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Approved Resolutions | Meeting of the New gTLD Program Committee

  1. Consent Agenda
    1. Approval of Minutes
  2. Main Agenda
    1. Remaining Items from Beijing, Durban, Buenos Aires, and Singapore GAC Advice
    2. GAC Advice on .AMAZON (and related IDNs)
    3. Perceived Inconsistent String Confusion Objection Expert Determinations – Review Mechanism
    4. New gTLD Auction Rules
    5. New gTLD Program Financial Update

 

  1. Consent Agenda:

    1. Approval of Minutes

      Resolved (2014.05.14.NG01), the ICANN Board New gTLD Program Committee (NGPC) approves the minutes of the 22 March, 26 March and 3-4 April 2014 NGPC meetings.

  2. Main Agenda:

    1. Remaining Items from Beijing, Durban, Buenos Aires, and Singapore GAC Advice

      Whereas, the GAC met during the ICANN 46 meeting in Beijing and issued a Communiqué on 11 April 2013 ("Beijing Communiqué").

      Whereas, the GAC met during the ICANN 47 meeting in Durban and issued a Communiqué on 18 July 2013 ("Durban Communiqué").

      Whereas, the GAC met during the ICANN 48 meeting in Buenos Aires and issued a Communiqué on 20 November 2013 ("Buenos Aires Communiqué").

      Whereas, the GAC met during the ICANN 49 meeting in Singapore and issued a Communiqué on 27 March 2014, which was amended on 16 April 2014 ("Singapore Communiqué").

      Whereas, the NGPC adopted scorecards to respond to certain items of the GAC's advice, which were adopted on 4 June 2013, 10 September 2013, 28 September 2013 and 5 February 2014.

      Whereas, the NGPC has developed another iteration of the scorecard to respond to certain remaining items of GAC advice in the Beijing Communiqué, the Durban Communiqué, the Buenos Aires Communiqué, and new advice in the Singapore Communiqué.

      Whereas, the NGPC is undertaking this action pursuant to the authority granted to it by the Board on 10 April 2012, to exercise the ICANN Board's authority for any and all issues that may arise relating to the New gTLD Program.

      Resolved (2014.05.14.NG02), the NGPC adopts the scorecard titled "GAC Advice (Beijing, Durban, Buenos Aires and Singapore): Actions and Updates" (14 May 2014), attached as Annex 1 [PDF, 448 KB] to this Resolution, in response to open items of Beijing, Durban, Buenos Aires and Singapore GAC advice as presented in the scorecard.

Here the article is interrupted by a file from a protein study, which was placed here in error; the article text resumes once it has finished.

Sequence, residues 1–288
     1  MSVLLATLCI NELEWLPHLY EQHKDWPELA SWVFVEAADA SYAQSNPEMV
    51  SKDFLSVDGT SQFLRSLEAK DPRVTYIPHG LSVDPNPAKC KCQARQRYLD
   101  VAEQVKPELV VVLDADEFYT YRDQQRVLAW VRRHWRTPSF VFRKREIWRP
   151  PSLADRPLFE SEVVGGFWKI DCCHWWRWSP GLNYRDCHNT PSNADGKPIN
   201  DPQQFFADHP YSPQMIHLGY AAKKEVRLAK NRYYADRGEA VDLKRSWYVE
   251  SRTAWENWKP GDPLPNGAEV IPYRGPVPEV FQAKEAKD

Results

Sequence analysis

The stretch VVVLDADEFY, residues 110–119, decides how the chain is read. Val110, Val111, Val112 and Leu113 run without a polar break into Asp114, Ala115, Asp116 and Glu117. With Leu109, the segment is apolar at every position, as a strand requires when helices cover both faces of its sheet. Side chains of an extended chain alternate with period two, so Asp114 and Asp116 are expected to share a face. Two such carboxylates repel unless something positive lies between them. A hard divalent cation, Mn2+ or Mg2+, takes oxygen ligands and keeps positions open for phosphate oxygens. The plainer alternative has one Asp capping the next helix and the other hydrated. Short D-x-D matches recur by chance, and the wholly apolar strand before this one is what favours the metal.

Rationale for Resolution 2014.05.14.NG02

      Article XI, Section 2.1 of the ICANN Bylaws http://www.icann.org/en/about/governance/bylaws#XI permit the GAC to "put issues to the Board directly, either by way of comment or prior advice, or by way of specifically recommending action or new policy development or revision to existing policies." The GAC issued advice to the Board on the New gTLD Program through its Beijing Communiqué dated 11 April 2013, its Durban Communiqué dated 18 July 2013, its Buenos Aires Communiqué dated 20 November 2013, and its Singapore Communiqué dated 27 March 2014 (as amended 16 April 2014). The ICANN Bylaws require the Board to take into account the GAC's advice on public policy matters in the formulation and adoption of the policies. If the Board decides to take an action that is not consistent with the GAC advice, it must inform the GAC and state the reasons why it decided not to follow the advice. The Board and the GAC will then try in good faith to find a mutually acceptable solution. If no solution can be found, the Board will state in its final decision why the GAC advice was not followed.